There’s a beautiful poem by the great spiritualist Kabir that goes by the opening ‘Jheeni re Jheeni’. Kabir was a weaver by profession and spiritualist by nature. In this poem, he literally weaves the elements of his vocation with the high philosophy of life and living.
Using this as a simile, he connects life (and body) to a beautiful tapestry. The poem talks about how life’s impulses form the warp and the five elements the weft – creating the tapestry that we call life… and so on. He interprets these connections and constructs the form of his poem. The poem itself is like a weave.
So what? What’s that got to do with design? Leave aside the high philosophy of the poem (the content), and you see the pure craftsmanship of it.
Design of a symbol, or any other design act for that matter, must be a deliberated act of connecting, interpreting and then constructing. Conceptually, the design approach must first distill and arrive at strong narratives – what story must the design tell? What aspects must it emphasize? What mood must it create? What balance must it strike? That’s the conceptual connection. We must then interpret this connection visually, formally, and graphically so that we have a ‘complete construct’ that is resolved and cohesive. Even if we present only drafts (as we normally do as a part of the design process), the drafts themselves must be complete and cohesive, even if they are not refined in presentation.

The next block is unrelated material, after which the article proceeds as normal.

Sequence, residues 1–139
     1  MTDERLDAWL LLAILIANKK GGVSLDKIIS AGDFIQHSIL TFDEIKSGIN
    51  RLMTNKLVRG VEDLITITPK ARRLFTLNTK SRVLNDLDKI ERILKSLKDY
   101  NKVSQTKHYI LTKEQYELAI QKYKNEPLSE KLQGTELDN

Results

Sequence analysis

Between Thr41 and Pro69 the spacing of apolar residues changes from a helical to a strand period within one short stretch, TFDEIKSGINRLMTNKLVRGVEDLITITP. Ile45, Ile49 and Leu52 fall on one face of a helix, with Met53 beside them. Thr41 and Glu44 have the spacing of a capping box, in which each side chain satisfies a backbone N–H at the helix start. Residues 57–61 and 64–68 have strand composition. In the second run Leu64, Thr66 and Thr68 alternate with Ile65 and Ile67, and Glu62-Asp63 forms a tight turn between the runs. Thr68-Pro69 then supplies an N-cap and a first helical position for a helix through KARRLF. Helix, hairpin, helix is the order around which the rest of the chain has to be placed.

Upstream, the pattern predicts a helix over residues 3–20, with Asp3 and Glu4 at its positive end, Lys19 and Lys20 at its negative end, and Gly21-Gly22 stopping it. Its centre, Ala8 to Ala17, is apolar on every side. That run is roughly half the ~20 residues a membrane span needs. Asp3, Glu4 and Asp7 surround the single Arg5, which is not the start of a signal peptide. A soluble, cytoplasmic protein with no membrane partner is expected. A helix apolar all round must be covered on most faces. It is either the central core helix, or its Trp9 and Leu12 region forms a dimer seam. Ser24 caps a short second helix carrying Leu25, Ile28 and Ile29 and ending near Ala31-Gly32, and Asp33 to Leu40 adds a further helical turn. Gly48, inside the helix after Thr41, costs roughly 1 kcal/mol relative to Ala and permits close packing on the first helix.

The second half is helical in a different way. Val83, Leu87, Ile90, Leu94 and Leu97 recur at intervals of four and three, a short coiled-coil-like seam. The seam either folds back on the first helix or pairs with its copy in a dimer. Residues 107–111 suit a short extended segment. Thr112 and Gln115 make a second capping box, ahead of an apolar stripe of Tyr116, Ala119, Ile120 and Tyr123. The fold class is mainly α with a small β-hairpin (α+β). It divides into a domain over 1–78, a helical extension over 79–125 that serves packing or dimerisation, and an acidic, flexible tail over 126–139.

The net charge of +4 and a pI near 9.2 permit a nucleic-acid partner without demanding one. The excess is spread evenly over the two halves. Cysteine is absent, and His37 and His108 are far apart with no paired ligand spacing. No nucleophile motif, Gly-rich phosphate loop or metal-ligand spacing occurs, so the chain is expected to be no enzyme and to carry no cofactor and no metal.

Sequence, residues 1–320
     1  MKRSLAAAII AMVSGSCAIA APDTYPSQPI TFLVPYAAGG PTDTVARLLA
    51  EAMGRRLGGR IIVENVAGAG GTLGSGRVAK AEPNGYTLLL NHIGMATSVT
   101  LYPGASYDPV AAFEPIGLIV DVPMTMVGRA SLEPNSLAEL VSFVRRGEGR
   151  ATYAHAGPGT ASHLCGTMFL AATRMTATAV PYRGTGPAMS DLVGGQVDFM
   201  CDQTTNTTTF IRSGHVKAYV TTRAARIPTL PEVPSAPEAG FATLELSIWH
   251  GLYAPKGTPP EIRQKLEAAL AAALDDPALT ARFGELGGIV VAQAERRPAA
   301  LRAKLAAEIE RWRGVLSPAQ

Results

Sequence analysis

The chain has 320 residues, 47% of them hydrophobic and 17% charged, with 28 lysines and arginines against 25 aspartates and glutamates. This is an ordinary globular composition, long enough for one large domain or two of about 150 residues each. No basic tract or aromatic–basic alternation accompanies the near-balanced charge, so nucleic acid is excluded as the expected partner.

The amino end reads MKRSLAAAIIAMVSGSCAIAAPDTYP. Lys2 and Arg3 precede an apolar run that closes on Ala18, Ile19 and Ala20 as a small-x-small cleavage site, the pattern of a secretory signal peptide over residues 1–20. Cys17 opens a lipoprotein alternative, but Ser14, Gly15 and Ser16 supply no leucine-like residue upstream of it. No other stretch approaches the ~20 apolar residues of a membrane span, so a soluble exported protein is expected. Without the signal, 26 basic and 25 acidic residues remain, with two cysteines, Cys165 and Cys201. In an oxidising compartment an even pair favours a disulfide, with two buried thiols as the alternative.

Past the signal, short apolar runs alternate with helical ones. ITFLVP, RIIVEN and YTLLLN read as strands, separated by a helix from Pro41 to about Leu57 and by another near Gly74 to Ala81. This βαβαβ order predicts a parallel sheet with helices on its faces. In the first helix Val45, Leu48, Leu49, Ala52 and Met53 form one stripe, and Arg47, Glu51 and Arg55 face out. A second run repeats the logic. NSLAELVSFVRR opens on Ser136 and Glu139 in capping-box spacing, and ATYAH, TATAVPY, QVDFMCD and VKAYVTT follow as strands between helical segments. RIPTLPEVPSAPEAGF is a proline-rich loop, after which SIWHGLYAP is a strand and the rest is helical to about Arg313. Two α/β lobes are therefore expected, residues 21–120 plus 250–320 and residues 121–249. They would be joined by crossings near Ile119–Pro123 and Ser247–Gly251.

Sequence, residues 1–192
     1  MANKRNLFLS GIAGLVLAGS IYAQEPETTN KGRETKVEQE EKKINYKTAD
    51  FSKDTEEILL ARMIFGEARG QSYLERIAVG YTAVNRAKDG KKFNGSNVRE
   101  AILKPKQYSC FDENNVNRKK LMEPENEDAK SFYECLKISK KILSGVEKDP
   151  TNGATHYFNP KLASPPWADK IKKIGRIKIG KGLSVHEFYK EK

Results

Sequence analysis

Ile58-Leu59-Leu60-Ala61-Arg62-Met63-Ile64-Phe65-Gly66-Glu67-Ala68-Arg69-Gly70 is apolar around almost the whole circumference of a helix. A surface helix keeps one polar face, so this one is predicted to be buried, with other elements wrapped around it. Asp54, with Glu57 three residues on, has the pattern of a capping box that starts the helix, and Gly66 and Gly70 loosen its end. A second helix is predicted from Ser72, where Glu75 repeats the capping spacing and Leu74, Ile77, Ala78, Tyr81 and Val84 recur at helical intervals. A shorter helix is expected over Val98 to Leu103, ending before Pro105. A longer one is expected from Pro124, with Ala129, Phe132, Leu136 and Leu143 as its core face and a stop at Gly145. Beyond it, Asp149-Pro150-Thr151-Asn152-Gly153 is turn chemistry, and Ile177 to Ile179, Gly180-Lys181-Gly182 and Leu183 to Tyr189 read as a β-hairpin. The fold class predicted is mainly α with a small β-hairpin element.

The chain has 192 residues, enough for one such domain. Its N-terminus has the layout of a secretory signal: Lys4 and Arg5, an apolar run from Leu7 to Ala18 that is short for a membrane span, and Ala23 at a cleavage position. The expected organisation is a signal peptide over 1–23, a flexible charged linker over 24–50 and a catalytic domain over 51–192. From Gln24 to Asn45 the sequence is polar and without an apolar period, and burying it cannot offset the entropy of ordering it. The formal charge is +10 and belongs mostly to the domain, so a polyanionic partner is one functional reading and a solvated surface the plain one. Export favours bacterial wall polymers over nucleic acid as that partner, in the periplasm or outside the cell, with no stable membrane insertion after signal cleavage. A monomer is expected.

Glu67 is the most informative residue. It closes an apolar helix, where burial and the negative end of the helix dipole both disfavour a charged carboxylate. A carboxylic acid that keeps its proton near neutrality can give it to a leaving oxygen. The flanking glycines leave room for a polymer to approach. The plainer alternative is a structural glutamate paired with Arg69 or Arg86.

At times, we are missing out on this collective deliberation as well as individual critique that is a part of good design approach. We must adopt more effective ways of deliberating, coming up with conceptual connections and have internal critiques that will help us pick, debate, choose or discard things that work and things that don’t work.